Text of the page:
A breakthrough discovery by scientists at Houston Methodist could change the way we treat cholesterol. Researchers found new evidence that challenges a 40-year notion of how fast we eliminate it from our bodies.
This accidental discovery, made by medical biochemist Henry Pownall, Ph.D., and his team at the Houston Methodist Research Institute, reveals a new pathway in the cholesterol-elimination chain that will be key to developing new drugs to lower cholesterol. Their findings are described in an article titled “ABCA1-Derived Nascent High Density Lipoprotein-Apo AI and Lipids Metabolically Segregate,” appearing online Oct. 26 and in print Nov. 21 in the American Heart Association’s Arteriosclerosis, Thrombosis, and Vascular Biology journal.
Pownall, who is the corresponding author, said the initial purpose of their study was to prove the current model of cholesterol transport through the body was correct. It turns out, however, that the model was not quite right.
“The model people have been using for 40 years presumed that cholesterol was transported from the arteries with other lipids and proteins and entered a particle that stayed in the blood for several days before being cleared by the liver for disposal,” Pownall said. “What we discovered in the process was something different. We discovered the cholesterol skips all these steps and goes directly from this early particle to the liver in two minutes. This is a thousand times faster than what was formerly suspected.”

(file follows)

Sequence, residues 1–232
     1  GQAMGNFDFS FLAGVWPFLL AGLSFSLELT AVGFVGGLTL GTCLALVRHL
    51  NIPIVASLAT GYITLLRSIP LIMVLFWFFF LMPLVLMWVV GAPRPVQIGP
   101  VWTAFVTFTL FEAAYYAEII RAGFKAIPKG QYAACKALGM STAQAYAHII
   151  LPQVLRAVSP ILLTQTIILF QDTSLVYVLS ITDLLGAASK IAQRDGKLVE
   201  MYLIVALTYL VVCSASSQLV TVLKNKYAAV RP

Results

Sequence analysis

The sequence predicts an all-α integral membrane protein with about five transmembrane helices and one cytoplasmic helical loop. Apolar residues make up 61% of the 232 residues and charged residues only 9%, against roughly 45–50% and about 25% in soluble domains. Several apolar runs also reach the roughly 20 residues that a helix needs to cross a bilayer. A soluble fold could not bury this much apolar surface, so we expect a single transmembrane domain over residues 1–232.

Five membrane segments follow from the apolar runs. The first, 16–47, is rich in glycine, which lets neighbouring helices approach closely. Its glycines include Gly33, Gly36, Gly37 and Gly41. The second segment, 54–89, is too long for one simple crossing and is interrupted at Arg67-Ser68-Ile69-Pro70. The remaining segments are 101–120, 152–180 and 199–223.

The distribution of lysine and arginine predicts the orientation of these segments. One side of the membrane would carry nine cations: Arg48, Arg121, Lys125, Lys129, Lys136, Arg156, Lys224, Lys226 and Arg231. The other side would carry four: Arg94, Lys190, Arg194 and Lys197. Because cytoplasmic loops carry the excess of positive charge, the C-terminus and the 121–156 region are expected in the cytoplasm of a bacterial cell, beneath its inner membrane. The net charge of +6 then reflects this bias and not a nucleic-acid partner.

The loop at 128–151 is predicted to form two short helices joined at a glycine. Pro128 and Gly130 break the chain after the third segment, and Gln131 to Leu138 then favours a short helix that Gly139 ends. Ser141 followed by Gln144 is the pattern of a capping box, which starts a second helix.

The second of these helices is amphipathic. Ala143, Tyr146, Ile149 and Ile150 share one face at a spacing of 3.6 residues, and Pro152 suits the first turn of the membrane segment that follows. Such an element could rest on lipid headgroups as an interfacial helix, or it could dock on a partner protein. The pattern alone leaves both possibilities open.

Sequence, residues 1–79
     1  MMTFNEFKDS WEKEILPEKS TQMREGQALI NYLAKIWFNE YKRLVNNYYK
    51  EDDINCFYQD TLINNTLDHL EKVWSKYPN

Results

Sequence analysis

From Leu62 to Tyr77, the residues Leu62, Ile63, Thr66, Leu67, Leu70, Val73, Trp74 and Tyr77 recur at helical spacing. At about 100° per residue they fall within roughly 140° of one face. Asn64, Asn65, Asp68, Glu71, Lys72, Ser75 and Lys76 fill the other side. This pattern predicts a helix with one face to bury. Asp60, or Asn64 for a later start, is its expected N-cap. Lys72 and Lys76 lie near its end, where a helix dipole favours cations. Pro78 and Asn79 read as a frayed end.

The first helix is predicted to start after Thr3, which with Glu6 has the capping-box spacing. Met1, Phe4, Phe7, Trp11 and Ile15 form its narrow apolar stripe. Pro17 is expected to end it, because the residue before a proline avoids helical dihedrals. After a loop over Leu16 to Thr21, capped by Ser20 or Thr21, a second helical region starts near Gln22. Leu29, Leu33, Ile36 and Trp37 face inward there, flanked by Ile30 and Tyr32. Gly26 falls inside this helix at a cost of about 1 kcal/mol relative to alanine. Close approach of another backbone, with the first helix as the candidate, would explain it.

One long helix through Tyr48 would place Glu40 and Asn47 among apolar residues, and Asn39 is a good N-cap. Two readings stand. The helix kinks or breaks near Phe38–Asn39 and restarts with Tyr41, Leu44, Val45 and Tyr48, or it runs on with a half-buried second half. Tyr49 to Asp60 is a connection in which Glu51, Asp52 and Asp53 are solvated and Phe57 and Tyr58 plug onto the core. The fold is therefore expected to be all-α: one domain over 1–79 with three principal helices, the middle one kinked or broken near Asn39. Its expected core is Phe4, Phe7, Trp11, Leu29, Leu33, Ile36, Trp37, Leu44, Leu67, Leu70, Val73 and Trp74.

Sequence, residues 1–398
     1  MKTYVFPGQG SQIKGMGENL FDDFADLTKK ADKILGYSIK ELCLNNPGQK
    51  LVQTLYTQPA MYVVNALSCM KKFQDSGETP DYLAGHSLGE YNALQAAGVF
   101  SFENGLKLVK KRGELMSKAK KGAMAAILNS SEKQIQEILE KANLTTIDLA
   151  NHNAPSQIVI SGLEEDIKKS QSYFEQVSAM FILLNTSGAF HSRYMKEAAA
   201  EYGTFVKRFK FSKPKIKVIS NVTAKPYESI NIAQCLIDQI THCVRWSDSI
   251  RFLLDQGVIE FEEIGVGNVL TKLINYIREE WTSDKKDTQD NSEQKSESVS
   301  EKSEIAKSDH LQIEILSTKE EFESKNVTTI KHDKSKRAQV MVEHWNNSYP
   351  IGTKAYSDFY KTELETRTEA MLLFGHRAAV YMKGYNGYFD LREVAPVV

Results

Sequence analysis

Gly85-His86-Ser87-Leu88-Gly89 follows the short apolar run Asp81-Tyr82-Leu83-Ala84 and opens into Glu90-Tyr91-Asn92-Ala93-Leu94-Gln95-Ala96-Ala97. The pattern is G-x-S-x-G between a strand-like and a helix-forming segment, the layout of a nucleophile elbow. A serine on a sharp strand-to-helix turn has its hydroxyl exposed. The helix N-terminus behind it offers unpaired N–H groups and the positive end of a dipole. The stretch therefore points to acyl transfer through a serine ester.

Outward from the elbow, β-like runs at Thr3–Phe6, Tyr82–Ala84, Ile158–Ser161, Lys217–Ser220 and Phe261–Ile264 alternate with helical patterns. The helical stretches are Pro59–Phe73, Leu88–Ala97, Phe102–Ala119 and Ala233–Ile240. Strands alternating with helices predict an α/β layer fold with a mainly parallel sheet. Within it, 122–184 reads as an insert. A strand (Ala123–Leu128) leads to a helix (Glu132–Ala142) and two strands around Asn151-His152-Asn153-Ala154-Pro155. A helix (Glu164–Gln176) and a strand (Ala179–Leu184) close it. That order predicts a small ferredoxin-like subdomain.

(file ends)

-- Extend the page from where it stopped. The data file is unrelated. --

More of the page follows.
While most studies look at HDL cholesterol in its mature form found in blood, Pownall and his colleagues studied cholesterol in nascent HDL, an early form of HDL produced by cells. Cholesterol in the nascent HDL goes directly to the liver, largely skipping conversion to the mature form of HDL
Pownall stresses that it’s not that current practices of treating “bad” LDL cholesterol are incorrect, but instead that physicians and researchers need to better understand how the “good” HDL cholesterol contributes to cardiovascular disease and how to raise it in a way that protects the heart, because some patients with very high HDL numbers, which were always thought to be beneficial, are actually at risk.
“LDL cholesterol, the so-called ‘bad cholesterol’ is well controlled with the current statin therapies. The track record for these cholesterol-lowering drugs is indisputable, and they will continue to work,” Pownall said. “HDL, or the ‘good cholesterol,’ however, is a much trickier system. Not everything that raises it protects the heart and not everything that lowers it is bad for you. We will need to redesign new drugs to lower plasma cholesterol in a way that takes into account this new mechanism. We will look for interventions – maybe dietary, maybe pharmacological – that raise HDL cholesterol in a way that helps protect the arteries and prevent cardiovascular disease.”